melodic material between the parts. Other arrangements exist, including SAA and
SATB. The Collins arrangement was limpid and beautiful, evoking the beauty of the
natural world and retaining the freshness that is characteristic of Hildegard’s music.

Then came the piece that the singers seemed to relish the most. ‘Finding Her Here’ is
a setting by Joan Szymko (b. 1957) of a poem by Jayne Relaford Brown. Szymko is
a contemporary US composer, known for her lyricism and exquisite attention to text.
‘I am becoming the woman I wanted’, the sopranos sang, over the altos’ ‘knows
she’s a survivor’. The ‘I am becoming’ phrase was repeated underneath the upper
parts, then handed around. ‘I find her becoming, this woman I wanted’, they sang
tutti; ‘who knows she is plenty’. It’s a lovely work, and the Note Bene women sang it
with a calm assurance that matched the confidence of af Klint’s ten largest paintings.

‘Vem kan segla’ (‘Who can sail without wind?) is a folk song from Åland. There are
many arrangements. Condon chose one by the Finnish composer Jonna Salminen
for SSAA. It has a jazzy swung rhythm and beautiful harmonic effects, with some
lovely close part-writing. That was followed by a surprising setting of Tennyson’s
words ‘There is Sweet Music’ from ‘Song of the Lotos-Eaters’. Set for SSAA by the
American composer Daniel E. Gawthrop, it was delicate, not in the least Victorian,
and very sweet.

‘In the Sweet Summertime’ is a traditional Swedish folk song arranged by the
Norwegian Kim André Arnesen (b. 1980). It had a lilting 3/4 insouciance, with a
soprano solo over sustained chords from the four parts. ‘Go forth my heart, and seek
the light’, she sang, as though speaking of the artist and her intentions.

The last work was intended to respond to the last painting in the series, about the
end of life. ‘I go with a thousand thoughts’ is a Swedish folk song arranged for SSAA
by the Swedish composer, teacher, and choir-master Anna Cederberg-Orreteg (b.
1958). It is a love song (‘I grieve till death/ for the one I cannot have’) and there are
many arrangements. Cederberg-Orreteg’s arrangement had a lovely syncopated
introduction and was poised and accepting.

This small concert was beautifully programmed by Shawn Condon, who has lived in
Finland and is familiar with the music of the Baltic. A fitting complement to the
mysterious paintings of Hilma af Klint.

Brahms’ Schicksalslied gives its name to a programme of uplifting music from the NZSO

The New Zealand Symphony Orchestra presents:

VERDI – Overture Nabucco
BRAHMS – Schicksalslied (Song of Destiny) Op.54
DVORAK – Symphony No. 8 in G Major Op.88

James Judd (conductor)
Voices New Zealand Choir
New Zealand Symphony Orchestra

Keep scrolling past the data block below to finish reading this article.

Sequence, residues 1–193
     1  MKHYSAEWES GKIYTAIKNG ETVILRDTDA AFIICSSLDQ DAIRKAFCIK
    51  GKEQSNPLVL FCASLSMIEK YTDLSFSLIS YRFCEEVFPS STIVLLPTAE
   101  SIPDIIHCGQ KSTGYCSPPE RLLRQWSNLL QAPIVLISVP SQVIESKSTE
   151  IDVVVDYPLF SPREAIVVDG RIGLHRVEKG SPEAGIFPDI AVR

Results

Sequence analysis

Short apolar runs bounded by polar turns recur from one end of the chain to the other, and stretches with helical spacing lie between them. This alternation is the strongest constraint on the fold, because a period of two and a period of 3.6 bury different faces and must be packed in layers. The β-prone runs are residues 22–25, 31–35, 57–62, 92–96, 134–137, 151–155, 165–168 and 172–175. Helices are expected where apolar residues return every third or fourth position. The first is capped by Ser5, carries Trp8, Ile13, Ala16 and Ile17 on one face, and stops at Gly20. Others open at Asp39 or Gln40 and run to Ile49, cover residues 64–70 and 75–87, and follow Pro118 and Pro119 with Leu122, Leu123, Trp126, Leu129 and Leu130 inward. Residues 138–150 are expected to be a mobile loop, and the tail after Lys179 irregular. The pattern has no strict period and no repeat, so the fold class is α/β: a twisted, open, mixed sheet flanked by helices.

Michael Fowler Centre, Wellington

Thursday, 25th November, 2021

Welcome back! We have been starved of orchestral concerts for the last three months. It was a delight to have a full symphony orchestra on the stage, albeit with the players discreetly separated. A very special welcome back was due to James Judd, who was principal conductor of the NZSO for some eight years, and who has been closely associated with the orchestra ever since. And a great thank you was due to the management of the orchestra who organised this series of four concerts for limited audiences in the midst of the Covid epidemic, over four days, and in exceptionally difficult circumstances.

The orchestra and Voices New Zealand were scheduled to perform Beethoven’s Missa Solemnis, a colossal, taxing work, but under the circumstances, everyone had to settle for a programme featuring a more seldom-heard work, Brahms’ Schicksalslied (Song of Destiny), as part of a line-up of uplifting music, starting with Verdi’s Overture Nabucco, and ending with Dvorak’s joyous Symphony No. 8.

Verdi – Overture Nabucco
Verdi’s Nabucco was his first major operatic success. Its simple, singable melodies are immediately captivating. The overture uses themes from arias and choruses from the opera, and it is hard to resist the temptation to sing along with them! Nabucco, by Temistocle Solera, which La Scala impresario  Bartolomeo Merelli gave to Verdi to read, was probably not much of a play (and historically inaccurate to boot), but the “Chorus of the Hebrew Slaves” is memorable, and was used separately on many occasions, including at Verdi’s own funeral. James Judd and the orchestra gave the Overture an energetic yet lyrical reading, notable for the beautiful brass ensemble, and the strong rhythmic drive of the strings.

Brahms – Schicksalslied (Song of Destiny) Op.54
Brahms’ Schicksalslied is overshadowed in the repertoire by his longer vocal works of the period, the Alto Rhapsody and the German Requiem. Schicksalslied is a shorter work, but it is of equal note. It is a setting by the poet Friedrich Hölderin, a friend and contemporary of Goethe and Schiller, It is a poem that Brahms found particularly meaningful.

The work begins with an ethereal orchestral passage, then joined by the choir, first by the sopranos, then by the rest of the voices. The music is deeply rooted in the Lutheran tradition, influenced by Bach Chorales that Brahms had studied. The music is typically Brahms, self-effacing, and with no scintillating passages. The melodies grow organically from the rich harmonic groundwork. The first part of the work reflects Hölderin’s words:  “Joyful their soul / And their heavenly vision” – but this is followed by a tempestuous section: “To us is allotted / No restful haven to find; / They falter, they perish / Poor suffering mortals….”